• When used effectively, you can build an audience and gain returning visitors through visual content.
  • Video helps to build trust with your audience. They see and hear what you are talking about, therefore they understand better the message you are trying to convey.

Types of Videos

Below are five types of videos that work well with blogs. They can be applied to almost any subject.

  • Teasers – These are short 30-90 second videos that show your viewers a product or service. They are much like a TV commercial.
  • Leadership – Demonstrate your authority on a subject. You can provide useful and unique information from your perspective.
  • Interviews – Open dialogues about a subject related to your blog. These videos can be fancy and shot in a studio or simple Internet conversations recorded with Skype or another video conferencing tool. Check out these five video interviewing tips.
  • Demos/Training – These videos show step-by-step how to do something or provide an overview of how something works.
  • Storytelling – A narrative related to subject matter associated with your blog.


Starting off with a storyboard is very important whenever you set out to do a video. It does not need to be fancy, have awesome drawings or graphics, or have details that everyone would understand. It is a tool to help YOU plan out how the video will go from how the camera shots and angles will be set up to where the person or object on camera will be placed in the frame.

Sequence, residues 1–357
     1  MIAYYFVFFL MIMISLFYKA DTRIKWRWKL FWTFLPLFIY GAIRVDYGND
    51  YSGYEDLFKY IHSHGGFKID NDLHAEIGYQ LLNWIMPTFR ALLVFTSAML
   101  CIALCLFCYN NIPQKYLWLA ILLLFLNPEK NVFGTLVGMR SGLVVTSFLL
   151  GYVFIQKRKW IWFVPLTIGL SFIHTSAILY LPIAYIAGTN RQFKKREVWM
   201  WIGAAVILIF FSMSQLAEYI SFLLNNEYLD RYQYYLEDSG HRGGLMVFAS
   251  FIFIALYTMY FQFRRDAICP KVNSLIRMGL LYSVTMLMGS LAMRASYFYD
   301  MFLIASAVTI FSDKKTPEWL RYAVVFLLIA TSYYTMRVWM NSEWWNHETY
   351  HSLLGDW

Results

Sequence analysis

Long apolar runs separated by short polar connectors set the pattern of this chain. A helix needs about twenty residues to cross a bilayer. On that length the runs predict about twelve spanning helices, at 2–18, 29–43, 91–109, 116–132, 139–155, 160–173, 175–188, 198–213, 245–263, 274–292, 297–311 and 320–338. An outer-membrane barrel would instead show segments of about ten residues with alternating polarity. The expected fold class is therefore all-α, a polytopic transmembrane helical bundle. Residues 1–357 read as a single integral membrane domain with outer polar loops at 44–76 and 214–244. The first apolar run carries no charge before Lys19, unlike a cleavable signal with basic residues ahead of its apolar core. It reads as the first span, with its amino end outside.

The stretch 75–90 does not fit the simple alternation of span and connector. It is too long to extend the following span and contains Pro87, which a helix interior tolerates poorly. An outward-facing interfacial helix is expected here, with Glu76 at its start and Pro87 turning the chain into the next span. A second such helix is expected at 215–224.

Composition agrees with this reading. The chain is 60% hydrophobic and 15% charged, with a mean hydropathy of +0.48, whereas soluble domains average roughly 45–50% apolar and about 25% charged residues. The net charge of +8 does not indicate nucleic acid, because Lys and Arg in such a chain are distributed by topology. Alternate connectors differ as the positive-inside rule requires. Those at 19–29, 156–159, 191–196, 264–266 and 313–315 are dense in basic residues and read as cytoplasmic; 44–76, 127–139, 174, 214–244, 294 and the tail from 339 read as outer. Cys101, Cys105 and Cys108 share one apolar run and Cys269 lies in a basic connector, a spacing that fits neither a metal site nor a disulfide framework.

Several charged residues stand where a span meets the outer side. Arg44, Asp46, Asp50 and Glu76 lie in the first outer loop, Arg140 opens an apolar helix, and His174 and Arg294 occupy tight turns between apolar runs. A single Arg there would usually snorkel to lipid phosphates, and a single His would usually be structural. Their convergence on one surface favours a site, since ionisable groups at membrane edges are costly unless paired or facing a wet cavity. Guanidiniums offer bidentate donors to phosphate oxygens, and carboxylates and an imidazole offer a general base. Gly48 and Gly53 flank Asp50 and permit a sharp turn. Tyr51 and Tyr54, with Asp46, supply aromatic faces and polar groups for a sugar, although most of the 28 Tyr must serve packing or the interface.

Start off with some basic tools such as a simple video camera with an on-board microphone and 3-point lighting. There is no need to invest in expensive equipment. Find things around your house that will suffice. For example, locate a lamp that will light up a large area. Fill in the shadow areas with other lamps of varying intensity to minimize shadows. Be sure to strategically set them up to be flattering on the subject. When recording a video over the Internet, you can usually get away with only one light source and the built-in audio and video capabilities.


Whether you are doing an interview or having someone be your talent on camera, you always want to have a specific thought in mind. Therefore, you can clearly convey to your talent why you are choosing them and what you want them to do or talk about.